Imagine, all those months and years The Putin warned against all that EU-Nato-UK-USA aggressive shit coming to Russia’s borders. All those times he petitioned, nyet, nyet, nyet!

Shifting now to make an analogy — Now, interestingly, I have been involved in a SWAT killing, that is, one of our clients — homeless veteran — had a suicidal moment alone, in his truck, with a handgun. Roads cordoned off. Everything around the Portland Salvation Army’s facility lock-downed. News at Six and Headlines at Ten there. Massive police armed presence. Armored trucks and gun turret vehicle, and then, of course, all guns drawn and three nifty SEAL trained snipers.

They gave him two and a half hours to get his shit together, and then, bam, 13 shots, seven to the body. He was handcuffed and lived. He was by himself. Suicide Not By Cops.

Or, just yesterday, in the rural community where I scratch out sanity:  “Police shoot, kill suspect after alleged bomb threat during standoff

Bomb-Threat

Another two-hour standoff. And, then, bullets to the head. Imagine that. I have been around cops most of my life, and I was a city and rural reporter, newspapers, that is, and covered the cop beats — local, feds, military, county. I have interviewed FBI, and I have been in some K9 units for both city and military cops. The bottom line is — there is absolutely a one in a million chance someone who threatens cops in a standoff in his car yelling “bomb, bomb, bomb” has a bomb. Absolutely Zero chance, really. Lots of TV shows and Netflix series, aside.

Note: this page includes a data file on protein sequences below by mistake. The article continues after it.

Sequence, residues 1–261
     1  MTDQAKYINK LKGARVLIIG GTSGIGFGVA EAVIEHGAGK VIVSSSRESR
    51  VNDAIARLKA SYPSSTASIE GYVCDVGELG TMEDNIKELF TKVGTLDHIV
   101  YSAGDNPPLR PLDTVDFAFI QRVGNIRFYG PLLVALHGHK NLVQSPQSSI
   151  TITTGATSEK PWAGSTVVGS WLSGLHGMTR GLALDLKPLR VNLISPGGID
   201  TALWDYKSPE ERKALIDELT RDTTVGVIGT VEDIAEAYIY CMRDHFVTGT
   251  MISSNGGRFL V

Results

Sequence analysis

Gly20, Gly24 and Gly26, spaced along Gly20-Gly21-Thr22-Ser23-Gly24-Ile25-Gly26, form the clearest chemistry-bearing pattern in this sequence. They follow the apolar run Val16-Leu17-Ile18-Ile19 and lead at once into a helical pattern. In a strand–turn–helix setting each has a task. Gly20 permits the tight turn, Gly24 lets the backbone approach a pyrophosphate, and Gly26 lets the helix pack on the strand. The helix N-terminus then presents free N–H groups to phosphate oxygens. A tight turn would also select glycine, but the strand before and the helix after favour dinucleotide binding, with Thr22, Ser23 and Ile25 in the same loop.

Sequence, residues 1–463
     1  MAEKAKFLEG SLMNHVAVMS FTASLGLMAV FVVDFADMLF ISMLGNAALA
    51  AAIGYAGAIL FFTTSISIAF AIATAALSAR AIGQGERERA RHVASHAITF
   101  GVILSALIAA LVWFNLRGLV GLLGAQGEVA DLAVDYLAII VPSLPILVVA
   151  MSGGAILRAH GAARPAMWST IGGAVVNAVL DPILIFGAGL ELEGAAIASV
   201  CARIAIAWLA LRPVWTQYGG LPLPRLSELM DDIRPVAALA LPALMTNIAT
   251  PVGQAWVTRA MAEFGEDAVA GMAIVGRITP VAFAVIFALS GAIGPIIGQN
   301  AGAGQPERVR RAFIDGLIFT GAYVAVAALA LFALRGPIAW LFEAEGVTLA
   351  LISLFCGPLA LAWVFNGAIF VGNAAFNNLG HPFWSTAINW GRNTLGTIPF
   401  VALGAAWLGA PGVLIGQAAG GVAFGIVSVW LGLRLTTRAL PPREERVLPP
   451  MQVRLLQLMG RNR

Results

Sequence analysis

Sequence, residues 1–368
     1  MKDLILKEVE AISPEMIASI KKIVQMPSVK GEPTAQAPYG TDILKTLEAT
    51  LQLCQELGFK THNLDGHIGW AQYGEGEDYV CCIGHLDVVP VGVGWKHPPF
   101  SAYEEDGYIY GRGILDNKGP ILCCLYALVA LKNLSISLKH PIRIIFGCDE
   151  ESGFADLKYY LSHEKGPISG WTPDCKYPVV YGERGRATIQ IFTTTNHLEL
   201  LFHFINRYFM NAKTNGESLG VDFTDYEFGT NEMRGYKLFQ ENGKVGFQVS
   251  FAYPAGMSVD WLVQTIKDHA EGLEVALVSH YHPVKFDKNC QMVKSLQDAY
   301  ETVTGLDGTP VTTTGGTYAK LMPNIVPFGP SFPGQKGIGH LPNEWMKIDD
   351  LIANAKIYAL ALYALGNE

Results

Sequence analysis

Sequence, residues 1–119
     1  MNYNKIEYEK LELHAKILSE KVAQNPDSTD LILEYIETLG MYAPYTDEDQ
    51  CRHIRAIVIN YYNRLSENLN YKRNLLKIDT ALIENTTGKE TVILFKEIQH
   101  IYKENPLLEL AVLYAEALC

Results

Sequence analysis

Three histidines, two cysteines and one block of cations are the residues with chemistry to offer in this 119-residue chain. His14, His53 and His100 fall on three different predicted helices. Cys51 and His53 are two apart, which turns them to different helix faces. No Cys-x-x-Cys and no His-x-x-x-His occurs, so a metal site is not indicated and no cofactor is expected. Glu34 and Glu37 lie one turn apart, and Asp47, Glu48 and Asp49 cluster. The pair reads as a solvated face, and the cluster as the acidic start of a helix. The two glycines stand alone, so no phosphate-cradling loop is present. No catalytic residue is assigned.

So, Putin gives the world, the EU, the UK-USA-Five Eyes, Nato, what, a month, a year, several years, eight years warning about needing those missiles and other weapons off of Ukraine’s soil?

Nothing like the Monroe Doctrine, which states that there shall be no military or no nothing allowed in the Western Hemisphere, err, in the US’s Neighborhood; i.e., backyard!

That old soft shoe — survival of the fittest or most riches or best placed bribes. That loving spoonful, here, all those pensioners, all those with multiple chronic illnesses, all those people in housing that is falling apart, all those loans hobbling folk. Choices between medications, or food. This is the country, man, USA, this is it for the epitome of exceptionalism.

Those $57 billion in loans the other laughing hyena, Zelensky the Comic, that’s what he wants forgiven. Laughing, while demanding more weaponry, more billions. That’s the jig is up game when you are a testing lab (country) for GMOs, drugs, and, well, bioweapons.

Putin's provocations are met with ridicule in Ukraine | TheHill